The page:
Oregon Supreme Court Rules on Tort Claim Issue

Joe Di Bartolomeo
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Joe Di Bartolomeo is a top rated personal injury lawyer helping Oregon and Washington families
Posted on Apr 11, 2014

Oregon has a “tort claims” statute that allows a citizen to make a claim against the government. A recent case, although a bit peculiar, illustrates the importance of “discretionary immunity.”

“Discretionary immunity” was originally invented by the courts, and protected government officials from any liability arising from “policy” decisions. However, Oregon has since made this legal role part of the Oregon Tort Claims Act. Under this statute, a public official and any public agency is immune from any liability for any claim based upon the government’s decision on a discretionary function, even if there is an abuse of discretion. Of course, this raises the question of what is meant by “discretion.”

A government agency makes a “discretionary” decision when it is making a policy choice among alternatives, and there is some legal authority to make such a choice. Sometimes, a government agency is charged with allocating limited resources, and will make decisions on where the resources should go. Generally, this kind a decision is discretionary, and protected from liability.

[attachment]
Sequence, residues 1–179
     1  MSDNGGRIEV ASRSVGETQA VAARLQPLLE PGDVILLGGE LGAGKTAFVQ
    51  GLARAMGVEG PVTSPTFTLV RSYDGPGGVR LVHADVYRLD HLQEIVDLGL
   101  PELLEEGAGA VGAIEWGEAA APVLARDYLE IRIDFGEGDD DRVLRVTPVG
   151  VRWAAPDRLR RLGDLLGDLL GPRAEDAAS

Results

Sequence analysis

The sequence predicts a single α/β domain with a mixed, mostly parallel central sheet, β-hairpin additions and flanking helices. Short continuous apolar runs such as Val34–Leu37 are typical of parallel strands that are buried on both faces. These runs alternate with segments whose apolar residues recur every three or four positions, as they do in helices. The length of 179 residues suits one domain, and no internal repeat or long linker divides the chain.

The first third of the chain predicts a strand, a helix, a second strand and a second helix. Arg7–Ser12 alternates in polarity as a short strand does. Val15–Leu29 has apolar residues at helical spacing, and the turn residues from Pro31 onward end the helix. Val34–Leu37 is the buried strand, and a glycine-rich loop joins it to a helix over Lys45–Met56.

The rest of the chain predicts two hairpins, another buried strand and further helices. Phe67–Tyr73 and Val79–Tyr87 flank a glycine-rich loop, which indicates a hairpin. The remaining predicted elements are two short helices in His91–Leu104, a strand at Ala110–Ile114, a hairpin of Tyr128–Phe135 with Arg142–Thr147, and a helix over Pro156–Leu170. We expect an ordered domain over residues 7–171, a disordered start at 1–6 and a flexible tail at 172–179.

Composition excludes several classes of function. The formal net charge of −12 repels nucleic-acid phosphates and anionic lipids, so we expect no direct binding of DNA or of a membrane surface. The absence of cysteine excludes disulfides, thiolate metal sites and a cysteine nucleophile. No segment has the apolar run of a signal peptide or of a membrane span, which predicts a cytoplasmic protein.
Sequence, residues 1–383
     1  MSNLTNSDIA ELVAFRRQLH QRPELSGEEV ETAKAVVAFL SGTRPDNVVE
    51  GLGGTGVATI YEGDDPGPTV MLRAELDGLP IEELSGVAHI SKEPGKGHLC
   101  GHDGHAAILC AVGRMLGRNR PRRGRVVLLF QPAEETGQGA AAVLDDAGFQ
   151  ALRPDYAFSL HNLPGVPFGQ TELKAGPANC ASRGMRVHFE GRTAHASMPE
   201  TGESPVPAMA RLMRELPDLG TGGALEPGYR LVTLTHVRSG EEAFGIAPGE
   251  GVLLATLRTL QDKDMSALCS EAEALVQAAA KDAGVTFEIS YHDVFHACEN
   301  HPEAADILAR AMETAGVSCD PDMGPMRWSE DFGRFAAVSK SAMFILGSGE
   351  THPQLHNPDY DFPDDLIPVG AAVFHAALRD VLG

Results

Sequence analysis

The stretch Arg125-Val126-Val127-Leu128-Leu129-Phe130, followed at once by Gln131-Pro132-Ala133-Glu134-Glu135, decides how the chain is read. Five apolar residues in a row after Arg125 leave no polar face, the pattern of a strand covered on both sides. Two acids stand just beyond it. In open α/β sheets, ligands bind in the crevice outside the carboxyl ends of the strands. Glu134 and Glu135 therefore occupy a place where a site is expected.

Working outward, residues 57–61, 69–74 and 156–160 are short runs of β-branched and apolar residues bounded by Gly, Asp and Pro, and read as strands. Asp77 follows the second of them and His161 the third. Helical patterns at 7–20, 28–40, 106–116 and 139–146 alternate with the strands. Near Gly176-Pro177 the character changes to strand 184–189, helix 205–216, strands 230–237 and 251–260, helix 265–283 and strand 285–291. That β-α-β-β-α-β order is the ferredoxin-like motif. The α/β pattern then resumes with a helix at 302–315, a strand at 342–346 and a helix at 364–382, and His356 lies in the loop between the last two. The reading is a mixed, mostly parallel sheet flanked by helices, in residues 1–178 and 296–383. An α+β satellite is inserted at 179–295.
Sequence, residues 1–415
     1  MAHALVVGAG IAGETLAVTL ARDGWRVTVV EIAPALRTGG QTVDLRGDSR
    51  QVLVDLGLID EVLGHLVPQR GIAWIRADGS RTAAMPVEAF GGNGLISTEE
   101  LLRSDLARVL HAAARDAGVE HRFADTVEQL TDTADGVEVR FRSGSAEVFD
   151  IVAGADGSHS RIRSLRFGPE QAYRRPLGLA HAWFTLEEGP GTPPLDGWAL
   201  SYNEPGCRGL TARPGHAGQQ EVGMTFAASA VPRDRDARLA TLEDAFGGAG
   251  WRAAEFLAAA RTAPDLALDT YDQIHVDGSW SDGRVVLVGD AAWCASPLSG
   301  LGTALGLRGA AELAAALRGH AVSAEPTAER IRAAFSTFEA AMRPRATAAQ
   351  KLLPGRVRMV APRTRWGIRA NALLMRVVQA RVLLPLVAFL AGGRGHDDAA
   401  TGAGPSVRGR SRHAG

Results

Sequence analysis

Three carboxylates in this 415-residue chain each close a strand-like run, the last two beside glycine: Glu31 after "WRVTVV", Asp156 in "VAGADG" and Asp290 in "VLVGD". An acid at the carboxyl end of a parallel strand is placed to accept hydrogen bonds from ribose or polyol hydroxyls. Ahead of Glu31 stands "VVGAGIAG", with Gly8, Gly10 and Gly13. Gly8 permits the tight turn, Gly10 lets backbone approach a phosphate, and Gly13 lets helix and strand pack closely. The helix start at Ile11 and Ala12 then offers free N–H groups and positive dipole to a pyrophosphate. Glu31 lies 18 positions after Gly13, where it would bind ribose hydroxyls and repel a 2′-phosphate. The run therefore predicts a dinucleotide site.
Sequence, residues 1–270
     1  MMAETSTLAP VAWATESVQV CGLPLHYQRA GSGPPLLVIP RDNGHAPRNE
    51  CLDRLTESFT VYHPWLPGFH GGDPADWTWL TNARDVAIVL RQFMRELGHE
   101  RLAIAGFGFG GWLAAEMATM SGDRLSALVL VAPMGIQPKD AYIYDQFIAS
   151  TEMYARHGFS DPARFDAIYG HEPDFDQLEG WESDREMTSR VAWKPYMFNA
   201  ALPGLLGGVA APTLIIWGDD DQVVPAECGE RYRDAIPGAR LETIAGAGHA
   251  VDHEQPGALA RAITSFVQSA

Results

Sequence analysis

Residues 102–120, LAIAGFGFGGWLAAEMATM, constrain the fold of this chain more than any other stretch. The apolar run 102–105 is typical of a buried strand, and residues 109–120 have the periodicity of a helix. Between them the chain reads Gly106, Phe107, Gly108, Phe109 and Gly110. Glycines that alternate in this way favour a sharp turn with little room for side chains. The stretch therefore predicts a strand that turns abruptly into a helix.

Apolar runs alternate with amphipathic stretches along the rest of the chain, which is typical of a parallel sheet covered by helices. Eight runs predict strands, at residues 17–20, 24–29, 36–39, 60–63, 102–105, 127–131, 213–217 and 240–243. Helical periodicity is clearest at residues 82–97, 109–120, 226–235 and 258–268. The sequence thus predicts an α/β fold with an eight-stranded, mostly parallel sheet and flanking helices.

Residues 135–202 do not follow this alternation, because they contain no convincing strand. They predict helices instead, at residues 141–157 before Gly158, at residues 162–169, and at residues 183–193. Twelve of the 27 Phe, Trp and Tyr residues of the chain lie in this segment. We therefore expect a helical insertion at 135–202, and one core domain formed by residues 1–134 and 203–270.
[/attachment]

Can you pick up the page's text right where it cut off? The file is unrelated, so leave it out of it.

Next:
However, once a decision is made, if the government agency is negligent in carrying out the decision, or failing to adhere to its own policy, then it cannot claim it is immune from liability. For example, a government agency may decide where to install safety measures, like security cameras or traffic safety devices. This decision is subject to discretionary immunity. However, if that same agency fails to carry out its policy, or violates the policy itself, it can be responsible for resulting injuries it causes a person. In one case, the government agency is making a policy decision, but in the second, it is failing to carry out the policy.

We have handled tort claim cases against several government agencies, both state and federal, and can advise you whether or not your claim involves an issue of discretionary immunity. If you have questions, call us at 503-325-8600. We can help you know where you stand with your claim.